Being estranged from family at Christmas

The Christmas holidays can be a particularly difficult time of year for people estranged from members of their immediate family. The focus on family at this time of year, along with the passing comments and assumptions that you will be spending Christmas with your family, can be especially challenging too. However, the majority of people conceal their position because being estranged from either a parent or a grown child is not something that is readily comprehended by those who are removed from such a situation. There can be complicated feelings of shame and a fear of judgement attached to being estranged—for what does having a fractured relationship with ones family imply about you, and what does it denote about your background?

Coping with these feelings at this time of year can be hard and potentially made more difficult by the perpetual reminders of loss, coupled with an inability to talk about these feelings with understanding others. The loss might not be the loss of the relationship itself, which might have even been harmful to your sense of self and wellbeing. Rather, the loss could be associated with not having the possibility of a supportive and sustainable relationship with those you are estranged from. Such losses need to be acknowledged and grieved, although there can be many barriers to grieving a loss of this nature.

To get through the holiday season, there are some things you can do to support yourself. One important source of support can be to connect with others in a similar position to you through online support groups and communities (links below). Because estrangement tends to be an isolating experience, developing connections and having a place where you can safely speak about your experience can help you cope with what you are going through. Seeking professional support therapeutically can also be beneficial to work through and make sense of your experience. Taking a break from social media might also be helpful, especially as feeds fill up with posts of smiling families together celebrating, creating painful reminders of what is missing. Even when being estranged feels like the right choice, it still hurts and arouses painful feelings, such as guilt and shame. Also, developing a support network through friendships and other relationships is an important part of healing in the longer term. Still, these relationships can be especially important to help you get through challenging times of the year like Christmas or birthdays, for instance.

It can also be helpful to think about how you’ve supported yourself through difficult times before. There might be things you did previously that were helpful that you could use again—perhaps you used to keep a journal, practice yoga, go walking etc. Most importantly, though, is being compassionate and kind to yourself when you are struggling. Creating space for self-compassion is fundamental as part of supporting yourself through the difficulties of estrangement at any time of year.

Below are some links to some online support groups:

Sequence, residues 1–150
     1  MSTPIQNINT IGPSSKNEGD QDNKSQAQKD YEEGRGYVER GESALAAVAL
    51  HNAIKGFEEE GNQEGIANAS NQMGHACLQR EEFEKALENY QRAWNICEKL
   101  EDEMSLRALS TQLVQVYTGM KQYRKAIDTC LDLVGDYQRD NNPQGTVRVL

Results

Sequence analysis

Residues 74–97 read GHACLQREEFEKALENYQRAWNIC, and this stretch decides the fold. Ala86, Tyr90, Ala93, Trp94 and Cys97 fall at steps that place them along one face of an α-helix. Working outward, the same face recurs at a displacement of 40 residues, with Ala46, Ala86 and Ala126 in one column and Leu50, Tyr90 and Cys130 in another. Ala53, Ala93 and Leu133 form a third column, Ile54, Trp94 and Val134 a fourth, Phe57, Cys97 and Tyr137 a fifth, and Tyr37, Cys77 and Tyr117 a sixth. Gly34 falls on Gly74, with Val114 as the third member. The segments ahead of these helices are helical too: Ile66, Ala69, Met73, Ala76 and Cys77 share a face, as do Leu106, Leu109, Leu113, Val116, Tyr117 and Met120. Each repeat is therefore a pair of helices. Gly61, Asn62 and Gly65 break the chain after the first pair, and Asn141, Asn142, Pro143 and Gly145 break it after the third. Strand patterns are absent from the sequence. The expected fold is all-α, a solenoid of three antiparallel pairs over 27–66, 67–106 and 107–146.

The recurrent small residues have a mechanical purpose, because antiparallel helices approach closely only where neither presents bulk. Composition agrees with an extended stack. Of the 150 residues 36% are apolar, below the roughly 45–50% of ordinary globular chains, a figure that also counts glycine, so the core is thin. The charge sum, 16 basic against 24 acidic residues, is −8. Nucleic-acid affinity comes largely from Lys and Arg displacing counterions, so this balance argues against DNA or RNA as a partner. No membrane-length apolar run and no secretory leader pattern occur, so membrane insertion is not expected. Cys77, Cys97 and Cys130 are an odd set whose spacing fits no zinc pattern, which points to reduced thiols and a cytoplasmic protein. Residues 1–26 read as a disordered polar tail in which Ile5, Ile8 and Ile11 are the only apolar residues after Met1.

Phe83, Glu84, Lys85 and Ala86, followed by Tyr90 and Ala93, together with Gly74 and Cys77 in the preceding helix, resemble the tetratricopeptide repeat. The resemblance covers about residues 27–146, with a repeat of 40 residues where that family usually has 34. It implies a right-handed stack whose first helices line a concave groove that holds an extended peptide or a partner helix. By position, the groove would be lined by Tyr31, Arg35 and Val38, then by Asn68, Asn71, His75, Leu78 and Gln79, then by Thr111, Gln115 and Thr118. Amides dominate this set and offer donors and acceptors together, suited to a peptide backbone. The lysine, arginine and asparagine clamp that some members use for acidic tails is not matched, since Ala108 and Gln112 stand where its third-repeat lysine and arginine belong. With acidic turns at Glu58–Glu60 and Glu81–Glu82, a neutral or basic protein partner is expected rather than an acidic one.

Other sources of support:

Estrangement, Relationships

The Pain of Family Estrangement

“There must be room in love for hate.” — Molly Peacock

Definitions of estrangement vary, but at its most basic, estrangement can be understood as the breakdown of a relationship between family members. 

The experience of family estrangement is deeply personal, complex and unique, and there can often be a sense of secrecy and shame surrounding the experience. Individuals estranged from one or more family members, tend to feel the need to hide their situation from others, particularly in case of close family relationships such as parent-child estrangement.

Estrangement can be an intensely stigmatising process, with adult-children being condemned for estranging an ageing parent and similarly, a parent may be harshly judged for ostracising a child. Hence, disclosing their estrangement from members of their family is something that people usually go to great lengths to avoid.

However, the secrecy and silence surrounding the intense hurt of estrangement means there is a lack of support for those experiencing it, particularly within immediate social and wider support networks. Research indicates that family estrangement may not be such a rare occurrence as we might think and of course, estrangement is difficult to quantify since it tends to be such an isolating experience with individuals concealing or minimising their experience to others. 

Estrangement between a parent and a child can be seen as particularly acute, given the uniqueness of this relationship, and the parent-child bond is often socially perceived as permanent and therefore unbreakable. The relationship between a mother and child is arguably one of the most emotionally charged and therefore the most wounding when it breaks down.

Notwithstanding the reasons leading up to a family estrangement, there is an inevitable experience of loss. Often, the losses are multiple and may be felt at different levels by those that are estranged, and arguably the loss is more difficult to reconcile when the one that has been lost is still there. These losses can also extend across the generations involving siblings, cousins, aunts, uncles, grandparents and grandchildren. This loss has been referred to as ‘disenfranchised grief’ – a loss that cannot be openly mourned or acknowledged (Doka, 1989). This can leave the grieving person feeling inhibited from seeking and receiving support.

However alone someone might feel, seeking support from close friends where possible, or from an experienced psychotherapist who is independent from your circumstances, can offer a way to make sense of your experience and move forward.


Doka, K.J. (1989) Disenfranchised grief. Jossey-Bass.